Simon Walker, in his section on the self-emptying strategy, explores power in weakness. For many people in history, Jesus – from a social perspective – was a victim of injustice by the false charges of envious leaders. Christianity would argue that Christ’s death was no accident, it was done willingly. Jesus would show his followers that death would be the very act that would release a power that would change both the social and spiritual order of the day. For Jesus it wasn’t the end, it was the beginning. Walker states “The power of Jesus’ death doesn’t lie in some macabre embrace of death itself, in some dark gothic fantasy; rather, it lies in what Jesus followers say his death made possible: life. Christians see the death of Jesus as an act that brought life.”
The story of death and resurrection brings hope and strength to those in need. None of us can escape death; it represents our powerlessness and confirms our humanness. The story of the death and resurrection of Jesus brings into the question the permanence and power of death. It breeds in us a level of hope that life after death may be more powerful than life before death. Walker explains, “It appears that, under certain circumstances, this imbalance – the weakness of one against the immoral strength of the other — can bring about a radical shift in power.” In a world steeped with those seeking power and position, one can wonder how willingly laying aside power can lead to an altering of events! “Here is one answer: self-sacrifice can draw out the evil of the enemy.” Self-sacrifice brings people to a place of choice. It causes us to stand and take a second look, to think hard thoughts. It challenges us to take personal responsibility and own our choices. In other words it brings us to a place of decision. A decision that invites something to happen to us. It forces us to put skin in the game.
Having skin in the game is part of being a risk taker. What can be riskier than laying aside one’s right for power? Nassim Taleb, in his book Skin in The Game, sees Jesus as a risk taker. His suffering on the cross and self-sacrifice for the sake of others made him have the ultimate skin in the game. The idea that God became flesh to die for all humanity in the form of a man is what made it possible for all of us to have skin in the game. “We will see that, traditionally, there is not religion without some skin in the game.”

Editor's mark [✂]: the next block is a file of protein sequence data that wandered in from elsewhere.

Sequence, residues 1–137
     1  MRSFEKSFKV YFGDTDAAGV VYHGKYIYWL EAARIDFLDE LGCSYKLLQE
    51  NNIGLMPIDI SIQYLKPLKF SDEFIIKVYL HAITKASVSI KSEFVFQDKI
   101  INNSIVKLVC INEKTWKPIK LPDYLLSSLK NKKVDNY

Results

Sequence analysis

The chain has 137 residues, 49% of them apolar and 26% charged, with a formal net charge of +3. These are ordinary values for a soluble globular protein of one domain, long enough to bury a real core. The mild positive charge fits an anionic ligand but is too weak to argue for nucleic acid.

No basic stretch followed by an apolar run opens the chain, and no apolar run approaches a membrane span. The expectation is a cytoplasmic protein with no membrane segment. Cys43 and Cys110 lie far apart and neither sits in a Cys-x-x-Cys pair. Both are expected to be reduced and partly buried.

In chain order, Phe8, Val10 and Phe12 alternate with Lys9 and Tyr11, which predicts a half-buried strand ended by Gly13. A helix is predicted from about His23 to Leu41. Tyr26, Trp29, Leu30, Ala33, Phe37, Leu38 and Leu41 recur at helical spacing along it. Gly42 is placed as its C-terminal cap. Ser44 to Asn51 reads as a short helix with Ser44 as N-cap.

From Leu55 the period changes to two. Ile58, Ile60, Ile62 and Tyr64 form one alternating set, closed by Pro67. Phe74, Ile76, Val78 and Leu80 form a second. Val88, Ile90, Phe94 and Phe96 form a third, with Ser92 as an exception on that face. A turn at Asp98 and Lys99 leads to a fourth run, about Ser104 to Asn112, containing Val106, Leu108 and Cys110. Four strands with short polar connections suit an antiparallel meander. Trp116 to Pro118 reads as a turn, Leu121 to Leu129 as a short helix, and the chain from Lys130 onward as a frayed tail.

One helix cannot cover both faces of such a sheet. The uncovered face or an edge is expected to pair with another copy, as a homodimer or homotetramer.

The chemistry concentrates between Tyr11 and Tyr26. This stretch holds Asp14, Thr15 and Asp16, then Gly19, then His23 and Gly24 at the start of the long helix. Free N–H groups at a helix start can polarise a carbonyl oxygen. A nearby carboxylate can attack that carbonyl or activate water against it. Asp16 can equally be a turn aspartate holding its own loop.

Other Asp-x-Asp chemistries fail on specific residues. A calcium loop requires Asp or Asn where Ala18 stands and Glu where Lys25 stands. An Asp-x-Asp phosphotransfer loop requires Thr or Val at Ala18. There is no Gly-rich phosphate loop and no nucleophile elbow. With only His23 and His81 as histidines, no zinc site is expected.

Being an undefended leader is a way of being anti-fragile. Laying aside power is risky; it gives a leader skin in the game. When leaders have skin in the game followers are willing to trust their leadership. Several years ago I was in a near death car accident. I had a head on collision that shattered my left hip and damaged my left side. I spent 17 days in the hospital, 21 days in rehab, 6 months on crutches and a year of physical therapy. Other than pictures, the only real proof that I had the accident is the 21-inch scar running down my left side. We often look down on Thomas for doubting that Jesus rose from the dead. We forget that many of the other disciples were also skeptical until after Jesus showed up. Thomas wanted to see the scars that proved it was Jesus. For Thomas the scars were the proof that Jesus had skin in the game. Emptying one’s self and becoming undefended is not only risky it can also be painful. But then again who said having skin in the game was going to be easy.